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I executed a "complete" Ubuntu installation on my USB stick - not burning a persistent LiveCD onto it, but instead using 2 USB sticks, one containing the LiveCD and the other as the destination (the bootloader was also installed on the destination stick).

Now, during the installation, I noticed that the wizard configures some hardware-related elements. Does this mean that such installations are limited to run on the same machine as where the install wizard is executed? If yes, 1) what will happen if I take this stick elsewhere and try booting it on another hardware, and 2) is there a way to overcome that, so I can both avoid LiveCD+persistent (because persistent space is limited), and have a universal installation?

  • See askubuntu.com/questions/295701/… – user68186 Jul 17 '17 at 12:14
  • (1) has a good chance of working. I've done it by mistake (made a bootable USB for 1 machine to use an obsolete webcam, accidentally booted my main work machine off it). – Chris H Jul 17 '17 at 13:25
  • No, you will be limited to CPU support. The one area that can give troubles is video cards and installing proprietary drivers - once you do that, you are kinda stuck on machines with similar video cards... – ivanivan Jul 17 '17 at 18:30
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A portable installed system, that boots both in UEFI and BIOS mode is described in this link,

Installed system that boots from UEFI and BIOS mode

There are more details at the following link,

help.ubuntu.com/community/Installation/UEFI-and-BIOS

Q: Now, during the installation, I noticed that the wizard configures some hardware-related elements. Does this mean that such installations are limited to run on the same machine as where the install wizard is executed?

A: No. It is portable, but not as portable as a persistent live drive.

Q: ... because persistent space is limited.

A: You can store the persistence in a partition, which is limited only by the size of the drive. With a GUID partition table (GPT) it can be several terabytes. mkusb can install such persistent live systems.

Comments: But there are other drawbacks with a persistent live system. It is less stable compared to an installed system, and you cannot use a new kernel because the kernel is started before the overlay for persistence is started. Also, I would recommend to install program packages, but not update and upgrade the persistent live system. Instead you should install a new persistent live system from a current iso file.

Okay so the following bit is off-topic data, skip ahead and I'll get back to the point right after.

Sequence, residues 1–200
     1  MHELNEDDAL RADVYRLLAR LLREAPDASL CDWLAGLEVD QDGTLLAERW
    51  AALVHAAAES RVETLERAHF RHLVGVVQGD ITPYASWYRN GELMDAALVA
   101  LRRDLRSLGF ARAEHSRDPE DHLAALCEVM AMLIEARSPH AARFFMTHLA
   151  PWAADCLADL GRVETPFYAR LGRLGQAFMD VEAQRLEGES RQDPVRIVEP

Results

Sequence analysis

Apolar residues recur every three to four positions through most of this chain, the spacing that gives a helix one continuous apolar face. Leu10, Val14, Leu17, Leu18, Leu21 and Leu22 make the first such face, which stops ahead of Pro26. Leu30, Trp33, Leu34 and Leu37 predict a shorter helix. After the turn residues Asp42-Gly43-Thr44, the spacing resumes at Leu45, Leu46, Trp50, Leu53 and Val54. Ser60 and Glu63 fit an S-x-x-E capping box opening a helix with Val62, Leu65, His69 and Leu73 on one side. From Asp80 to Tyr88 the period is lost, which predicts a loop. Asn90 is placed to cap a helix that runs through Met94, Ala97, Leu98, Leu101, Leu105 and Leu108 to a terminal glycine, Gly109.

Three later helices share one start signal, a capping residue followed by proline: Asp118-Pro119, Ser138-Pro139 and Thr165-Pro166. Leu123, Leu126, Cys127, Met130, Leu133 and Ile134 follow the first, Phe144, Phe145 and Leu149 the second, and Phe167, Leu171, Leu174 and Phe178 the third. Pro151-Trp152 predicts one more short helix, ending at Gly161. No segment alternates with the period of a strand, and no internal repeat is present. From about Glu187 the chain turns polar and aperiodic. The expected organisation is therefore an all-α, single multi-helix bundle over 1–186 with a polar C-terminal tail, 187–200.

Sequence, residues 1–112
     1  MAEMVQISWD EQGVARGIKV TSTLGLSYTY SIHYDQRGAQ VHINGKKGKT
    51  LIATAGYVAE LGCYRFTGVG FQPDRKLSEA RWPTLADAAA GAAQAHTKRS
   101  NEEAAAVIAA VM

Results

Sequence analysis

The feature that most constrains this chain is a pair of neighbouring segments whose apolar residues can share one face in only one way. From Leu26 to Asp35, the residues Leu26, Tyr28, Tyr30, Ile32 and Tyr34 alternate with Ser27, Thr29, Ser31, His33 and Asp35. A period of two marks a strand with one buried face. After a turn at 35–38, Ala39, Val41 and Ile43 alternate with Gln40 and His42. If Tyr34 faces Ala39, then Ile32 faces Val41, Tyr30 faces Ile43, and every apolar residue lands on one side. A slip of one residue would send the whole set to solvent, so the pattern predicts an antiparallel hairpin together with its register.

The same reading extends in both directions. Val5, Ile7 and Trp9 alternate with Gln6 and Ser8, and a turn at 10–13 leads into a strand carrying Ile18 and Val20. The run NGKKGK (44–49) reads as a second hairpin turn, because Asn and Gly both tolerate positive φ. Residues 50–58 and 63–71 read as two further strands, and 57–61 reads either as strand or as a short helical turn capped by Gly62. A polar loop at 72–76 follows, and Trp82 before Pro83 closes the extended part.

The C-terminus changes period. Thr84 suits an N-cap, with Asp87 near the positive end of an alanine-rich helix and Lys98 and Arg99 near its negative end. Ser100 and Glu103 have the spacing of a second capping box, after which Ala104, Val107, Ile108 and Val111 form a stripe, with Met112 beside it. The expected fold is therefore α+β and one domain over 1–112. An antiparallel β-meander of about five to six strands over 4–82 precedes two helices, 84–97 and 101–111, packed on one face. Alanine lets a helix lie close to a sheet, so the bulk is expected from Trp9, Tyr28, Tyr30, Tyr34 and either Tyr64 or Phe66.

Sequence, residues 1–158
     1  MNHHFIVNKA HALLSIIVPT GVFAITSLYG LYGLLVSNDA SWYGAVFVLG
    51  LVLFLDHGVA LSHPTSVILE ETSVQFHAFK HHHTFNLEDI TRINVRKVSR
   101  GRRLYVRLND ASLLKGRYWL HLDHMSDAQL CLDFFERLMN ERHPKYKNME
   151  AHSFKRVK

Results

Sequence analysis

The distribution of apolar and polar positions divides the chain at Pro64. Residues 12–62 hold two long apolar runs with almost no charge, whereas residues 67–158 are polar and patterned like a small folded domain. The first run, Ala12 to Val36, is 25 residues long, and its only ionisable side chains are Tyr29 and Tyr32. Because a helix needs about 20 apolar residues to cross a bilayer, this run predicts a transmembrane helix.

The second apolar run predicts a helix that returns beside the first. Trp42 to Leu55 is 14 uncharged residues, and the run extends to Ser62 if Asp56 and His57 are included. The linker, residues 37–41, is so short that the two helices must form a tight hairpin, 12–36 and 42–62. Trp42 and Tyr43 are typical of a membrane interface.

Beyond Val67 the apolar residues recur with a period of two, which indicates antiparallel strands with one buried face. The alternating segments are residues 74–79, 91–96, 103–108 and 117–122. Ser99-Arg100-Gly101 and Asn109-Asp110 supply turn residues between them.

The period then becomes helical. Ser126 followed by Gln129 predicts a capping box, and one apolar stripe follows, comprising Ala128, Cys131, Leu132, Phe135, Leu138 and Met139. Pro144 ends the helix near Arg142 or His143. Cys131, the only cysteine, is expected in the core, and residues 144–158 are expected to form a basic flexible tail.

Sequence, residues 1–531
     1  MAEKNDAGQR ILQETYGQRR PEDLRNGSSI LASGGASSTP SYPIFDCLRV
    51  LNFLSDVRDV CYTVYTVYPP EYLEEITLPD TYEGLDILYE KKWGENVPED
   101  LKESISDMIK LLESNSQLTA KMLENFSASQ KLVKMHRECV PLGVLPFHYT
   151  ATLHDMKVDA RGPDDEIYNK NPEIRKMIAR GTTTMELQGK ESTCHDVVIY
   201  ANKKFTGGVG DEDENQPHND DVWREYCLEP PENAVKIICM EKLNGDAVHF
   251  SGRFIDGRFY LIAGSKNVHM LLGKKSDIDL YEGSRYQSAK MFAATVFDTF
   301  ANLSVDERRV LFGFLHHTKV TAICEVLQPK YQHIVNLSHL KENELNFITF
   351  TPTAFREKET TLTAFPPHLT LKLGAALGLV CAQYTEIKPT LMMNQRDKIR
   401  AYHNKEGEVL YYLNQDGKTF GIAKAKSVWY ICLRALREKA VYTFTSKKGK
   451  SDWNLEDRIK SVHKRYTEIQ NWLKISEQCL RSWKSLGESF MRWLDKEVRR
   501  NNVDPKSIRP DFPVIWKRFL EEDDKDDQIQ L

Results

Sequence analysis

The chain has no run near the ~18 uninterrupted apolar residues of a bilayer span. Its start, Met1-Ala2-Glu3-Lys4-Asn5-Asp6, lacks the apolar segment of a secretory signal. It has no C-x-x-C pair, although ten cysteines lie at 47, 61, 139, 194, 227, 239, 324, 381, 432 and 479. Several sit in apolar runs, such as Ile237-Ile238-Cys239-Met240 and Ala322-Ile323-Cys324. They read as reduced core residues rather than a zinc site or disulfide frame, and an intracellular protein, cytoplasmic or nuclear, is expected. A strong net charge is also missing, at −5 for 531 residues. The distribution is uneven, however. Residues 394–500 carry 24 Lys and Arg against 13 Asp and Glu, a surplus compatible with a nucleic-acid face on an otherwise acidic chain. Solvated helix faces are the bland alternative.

See also the following links,

askubuntu.com/questions/936633/ubuntu-live-from-usb-with-full-persistence-and-ntfs/936641#936641

Persistent live versus installed Ubuntu in the USB flash drive

Try Ubuntu (Kubuntu, Lubuntu, Xubuntu, ...) before installing it

Edit: A USB 3 SSD flash drive has much faster flash hardware than a standard USB pendrive, and there are USB 3 pendrives with specified high read/write performance. The market changes, so it is worth checking on the internet, which brand and model to select to get the best buy 'today'. See this link about fast USB 3 pendrives,

help.ubuntu.com/community/Installation/FromUSBStick#Notes_about_speed

  • mkusb was the next thing I tried, but for some reason, both methods I tried resulted in a stick that boots into a black screen after full installation. I'll try some more, but probably it's my Cherry Trail platform preventing me from this. – Andy Yan Jul 17 '17 at 12:05
  • Also, thanks for the mention on USB3 SSDs. I intended to craft one of these myself with a M.2 SATA SSD and a USB3.0 HDD box, but the recent spike in SSD price discouraged me from it. There's not much use for me to justify that price either (booting Ubuntu is just something I'm trying for fun), which doesn't help. – Andy Yan Jul 17 '17 at 12:07
  • A black screen after a full installation makes me think that there are problems with the graphics driver. It might help with the boot option nomodeset, at least help enough to get some simple graphics. But in this case you probably need a proprietary driver for the graphics chip, and the USB drive is not as portable as we would like it to be. (In these cases a live-only or persistent live drive might be a better alternative.) – sudodus Jul 17 '17 at 12:14